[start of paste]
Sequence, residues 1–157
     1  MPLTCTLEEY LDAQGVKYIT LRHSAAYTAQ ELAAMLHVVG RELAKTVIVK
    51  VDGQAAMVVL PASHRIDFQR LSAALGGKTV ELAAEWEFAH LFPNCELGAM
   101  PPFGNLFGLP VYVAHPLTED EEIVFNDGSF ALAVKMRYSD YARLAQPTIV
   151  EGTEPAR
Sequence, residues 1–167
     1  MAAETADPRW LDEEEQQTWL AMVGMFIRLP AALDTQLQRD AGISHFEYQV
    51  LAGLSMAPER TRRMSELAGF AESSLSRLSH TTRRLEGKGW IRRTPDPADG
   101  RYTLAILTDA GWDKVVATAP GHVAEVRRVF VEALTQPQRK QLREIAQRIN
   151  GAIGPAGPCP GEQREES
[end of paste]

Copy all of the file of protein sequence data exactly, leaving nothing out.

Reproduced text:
Sequence, residues 1–157
     1  MPLTCTLEEY LDAQGVKYIT LRHSAAYTAQ ELAAMLHVVG RELAKTVIVK
    51  VDGQAAMVVL PASHRIDFQR LSAALGGKTV ELAAEWEFAH LFPNCELGAM
   101  PPFGNLFGLP VYVAHPLTED EEIVFNDGSF ALAVKMRYSD YARLAQPTIV
   151  EGTEPAR
Sequence, residues 1–167
     1  MAAETADPRW LDEEEQQTWL AMVGMFIRLP AALDTQLQRD AGISHFEYQV
    51  LAGLSMAPER TRRMSELAGF AESSLSRLSH TTRRLEGKGW IRRTPDPADG
   101  RYTLAILTDA GWDKVVATAP GHVAEVRRVF VEALTQPQRK QLREIAQRIN
   151  GAIGPAGPCP GEQREES